Air Force veteran sentenced for fake PTSD, Purple Heart claims
In 2014, Air Force veteran Bryan Paul Winquist, now 39, submitted paperwork to the VA seeking compensation related to what he said was post-traumatic stress disorder as a result of a 2003 improvised explosive device attack in Balad, Iraq — except there was no firefight, and Winquist was not injured or involved in an attack
The claim read like countless Veterans Affairs claims and Purple Heart awards.
In 2014, Air Force veteran Bryan Paul Winquist, now 39, submitted paperwork to the VA seeking compensation related to what he said was post-traumatic stress disorder as a result of a 2003 improvised explosive device attack in Balad, Iraq.
The claim detailed that Winquist was shot in the left shoulder during a small arms firefight, which lasted between 25 to 45 minutes and caused two casualties and four injuries.
Except there was no firefight, and Winquist was not injured or involved in an attack, VA investigators wrote in legal documents three years after the claim and $37,500 in VA disability compensation later.
U.S. Attorney Robert J. Higdon, Jr. announced Winquist's sentence for the false claims earlier this month.
Winquist, a resident of Cordova, Tennessew, who previously lived in Fayetteville, was sentenced Dec. 12 to one month of intermittent confinement and nine months of house arrest as terms of a three-year period of probation on a charge of theft of government property, Higdon said.
He was also ordered to pay a $31,000 fine and $11,669.06 to the VA.
“To commit a fraud upon the VA is to steal from those who have risked their lives to protect this nation,” Higdon said. “The limited funds available to the VA are critical to meeting the needs of those who have faithfully served our country, and this office will continue to hold accountable all who obtain veterans benefits through fraud and deception.”
Court documents with the U.S. District Court for the Eastern District of North Carolina state Winquist submitted the claim to the VA on March 22, 2014.
Winquist claimed he was on patrol in the town of Balad, Iraq, as an augmented medic for an Army infantry unit, court documents state.
Winquist wrote in the claim that he was hit with shrapnel from an improvised explosive device and was shot in the left shoulder.
He wrote that he continued to assist those injured in the firefight and submitted Department of Defense discharge forms with statements “that appeared to corroborate,” that he received the Military Order of the Purple Heart, court documents state.
Winquist signed forms that stated the laws and penalties for making false statements.
Court documents state that the VA paid benefits to Winquist based upon his claims that he suffered from post-traumatic stress disorder related to the alleged attack.
Winquist received the VA benefits by withdrawing money paid to his bank account at various locations, including in the Eastern District of North Carolina.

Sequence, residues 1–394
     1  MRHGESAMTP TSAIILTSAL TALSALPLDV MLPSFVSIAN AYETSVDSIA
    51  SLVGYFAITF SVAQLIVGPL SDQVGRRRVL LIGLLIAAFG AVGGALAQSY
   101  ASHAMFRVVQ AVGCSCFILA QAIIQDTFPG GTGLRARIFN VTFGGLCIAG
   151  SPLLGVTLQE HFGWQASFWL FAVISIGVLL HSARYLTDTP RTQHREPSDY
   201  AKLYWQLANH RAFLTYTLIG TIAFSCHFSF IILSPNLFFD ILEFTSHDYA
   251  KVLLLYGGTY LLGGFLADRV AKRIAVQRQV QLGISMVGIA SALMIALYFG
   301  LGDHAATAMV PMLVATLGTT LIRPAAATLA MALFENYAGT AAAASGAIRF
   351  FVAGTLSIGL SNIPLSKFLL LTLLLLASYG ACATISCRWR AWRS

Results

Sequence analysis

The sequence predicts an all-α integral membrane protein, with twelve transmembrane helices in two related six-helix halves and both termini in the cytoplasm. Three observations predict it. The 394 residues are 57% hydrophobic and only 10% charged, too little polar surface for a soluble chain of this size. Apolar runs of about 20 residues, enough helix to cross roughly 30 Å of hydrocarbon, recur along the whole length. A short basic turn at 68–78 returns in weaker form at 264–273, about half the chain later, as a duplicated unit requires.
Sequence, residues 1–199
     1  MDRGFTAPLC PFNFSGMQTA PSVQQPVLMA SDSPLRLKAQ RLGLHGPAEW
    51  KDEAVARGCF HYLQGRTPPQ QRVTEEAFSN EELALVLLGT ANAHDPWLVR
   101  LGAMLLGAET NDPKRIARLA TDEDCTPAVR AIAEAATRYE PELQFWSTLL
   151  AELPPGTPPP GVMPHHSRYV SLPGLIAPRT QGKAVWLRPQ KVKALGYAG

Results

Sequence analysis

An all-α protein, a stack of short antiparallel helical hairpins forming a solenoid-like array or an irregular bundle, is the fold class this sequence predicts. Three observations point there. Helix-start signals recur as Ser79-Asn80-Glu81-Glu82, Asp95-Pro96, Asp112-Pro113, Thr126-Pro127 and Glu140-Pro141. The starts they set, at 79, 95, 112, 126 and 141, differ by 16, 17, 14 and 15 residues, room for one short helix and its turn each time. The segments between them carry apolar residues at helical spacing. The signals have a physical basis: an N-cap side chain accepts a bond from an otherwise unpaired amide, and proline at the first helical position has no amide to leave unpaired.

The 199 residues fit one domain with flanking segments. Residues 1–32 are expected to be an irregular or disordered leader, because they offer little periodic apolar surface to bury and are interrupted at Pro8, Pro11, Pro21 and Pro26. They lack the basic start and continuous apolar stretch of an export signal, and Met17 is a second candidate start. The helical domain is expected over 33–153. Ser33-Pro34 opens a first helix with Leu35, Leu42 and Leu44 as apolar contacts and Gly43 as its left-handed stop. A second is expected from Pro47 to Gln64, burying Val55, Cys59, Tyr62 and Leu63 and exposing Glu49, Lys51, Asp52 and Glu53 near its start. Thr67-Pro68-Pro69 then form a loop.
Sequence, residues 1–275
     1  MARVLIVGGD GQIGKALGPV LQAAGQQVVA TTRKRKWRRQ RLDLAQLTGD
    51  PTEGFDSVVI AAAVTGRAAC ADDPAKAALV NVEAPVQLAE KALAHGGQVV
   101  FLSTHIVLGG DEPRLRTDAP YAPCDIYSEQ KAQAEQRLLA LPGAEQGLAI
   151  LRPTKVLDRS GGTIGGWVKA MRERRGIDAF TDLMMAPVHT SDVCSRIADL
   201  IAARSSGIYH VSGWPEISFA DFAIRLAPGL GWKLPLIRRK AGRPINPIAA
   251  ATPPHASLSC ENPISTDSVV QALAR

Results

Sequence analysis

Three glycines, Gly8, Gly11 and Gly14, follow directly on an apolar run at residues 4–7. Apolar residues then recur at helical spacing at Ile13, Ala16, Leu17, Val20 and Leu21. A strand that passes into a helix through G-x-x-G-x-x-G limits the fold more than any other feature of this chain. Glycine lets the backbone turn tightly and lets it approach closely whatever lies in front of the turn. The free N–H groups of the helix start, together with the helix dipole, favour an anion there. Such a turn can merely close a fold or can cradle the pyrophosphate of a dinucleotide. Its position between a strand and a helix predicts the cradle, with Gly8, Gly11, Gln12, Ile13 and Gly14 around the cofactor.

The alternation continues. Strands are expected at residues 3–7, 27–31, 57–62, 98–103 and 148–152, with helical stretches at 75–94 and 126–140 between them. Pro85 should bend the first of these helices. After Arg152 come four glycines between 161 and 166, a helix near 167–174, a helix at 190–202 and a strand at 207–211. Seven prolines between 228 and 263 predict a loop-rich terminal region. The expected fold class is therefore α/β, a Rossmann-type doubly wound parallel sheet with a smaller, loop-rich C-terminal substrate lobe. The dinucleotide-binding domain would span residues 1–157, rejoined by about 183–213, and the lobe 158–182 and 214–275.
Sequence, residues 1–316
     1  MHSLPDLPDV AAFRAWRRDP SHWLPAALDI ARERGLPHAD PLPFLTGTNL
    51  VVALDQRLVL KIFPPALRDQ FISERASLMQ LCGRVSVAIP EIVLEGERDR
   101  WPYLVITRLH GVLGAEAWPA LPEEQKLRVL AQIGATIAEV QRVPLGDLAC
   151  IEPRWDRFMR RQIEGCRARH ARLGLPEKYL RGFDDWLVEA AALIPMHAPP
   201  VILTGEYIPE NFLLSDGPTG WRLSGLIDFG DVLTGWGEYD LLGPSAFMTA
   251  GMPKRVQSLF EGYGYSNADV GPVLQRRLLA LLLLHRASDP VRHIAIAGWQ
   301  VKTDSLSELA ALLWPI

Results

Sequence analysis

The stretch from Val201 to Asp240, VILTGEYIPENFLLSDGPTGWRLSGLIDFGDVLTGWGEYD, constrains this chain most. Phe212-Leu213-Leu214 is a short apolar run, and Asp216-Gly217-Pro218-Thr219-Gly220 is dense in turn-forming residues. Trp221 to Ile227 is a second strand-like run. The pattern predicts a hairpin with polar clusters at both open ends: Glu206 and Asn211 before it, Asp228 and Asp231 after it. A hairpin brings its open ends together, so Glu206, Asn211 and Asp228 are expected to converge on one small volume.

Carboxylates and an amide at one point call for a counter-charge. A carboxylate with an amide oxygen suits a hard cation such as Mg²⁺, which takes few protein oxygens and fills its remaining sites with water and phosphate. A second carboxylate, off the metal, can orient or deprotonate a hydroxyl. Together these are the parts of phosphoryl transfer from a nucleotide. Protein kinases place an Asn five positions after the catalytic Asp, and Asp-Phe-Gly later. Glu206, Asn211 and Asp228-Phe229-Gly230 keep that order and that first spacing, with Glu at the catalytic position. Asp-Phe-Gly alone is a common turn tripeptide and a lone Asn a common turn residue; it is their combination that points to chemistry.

On March 1, 2017, a special agent with the VA's Office of Inspector General interviewed Winquist at his home in Fayetteville regarding the claim.
Winquist maintained his claim to the agent saying he was injured by an improvised explosive device explosion in Iraq.
Court documents state Winquist received about $37,500 from VA disability compensation between March 22, 2014, and July 2017.
“At no time during receipt of these government funds did Winquist acknowledge the falsehoods in his claim or seek to return the funds,” the court documents state.
Officials with the U.S. Attorney's office said the VA Office of the Inspector General reviewed Winquist's service records and interviewed fellow service members, which showed that the incident he claimed happened did not occur.
Officials said Winquist deployed to Iraq for one month and was assigned as a firefighter to the base.
“A fellow fireman did not recall Winqiust ever going off base on patrol, and also never knew of any small arms fire or injuries to Winquist,” officials said.
The special agents contacted the Air Force Historical Society, which did not have records of the alleged firefight attack, and officials said Winquist did not receive the Purple Heart.
Officials said that Winquist “admitted,”that he “fabricated the incident,” during a Dec. 13, 2017, interview with investigators.
“In particular, he stated, “I was hurting for money, and I made it up,'” officials said. “Winquist also stated that he knew it was wrong.”
In February, Winquist was charged with a federal indictment and pleaded guilty to theft of government property Aug. 5, 2019.
“His conduct is shameful, illegal and an affront to those who have served honorably and with distinction and to those who bear the scars of defending this country,” Higdon said.
The United States Department of Veterans Affairs, Office of the Inspector General investigated this case. Assistant United States Attorney William M. Gilmore represented the United States.
©2019 The Fayetteville Observer (Fayetteville, N.C.). Distributed by Tribune Content Agency, LLC.